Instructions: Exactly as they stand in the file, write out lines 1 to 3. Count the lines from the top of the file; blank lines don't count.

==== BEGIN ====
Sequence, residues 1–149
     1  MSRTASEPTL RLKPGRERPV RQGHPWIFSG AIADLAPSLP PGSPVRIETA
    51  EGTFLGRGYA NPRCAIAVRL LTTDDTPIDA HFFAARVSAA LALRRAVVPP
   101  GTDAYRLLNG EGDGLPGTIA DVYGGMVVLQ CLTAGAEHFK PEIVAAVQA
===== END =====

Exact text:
Sequence, residues 1–149
     1  MSRTASEPTL RLKPGRERPV RQGHPWIFSG AIADLAPSLP PGSPVRIETA
    51  EGTFLGRGYA NPRCAIAVRL LTTDDTPIDA HFFAARVSAA LALRRAVVPP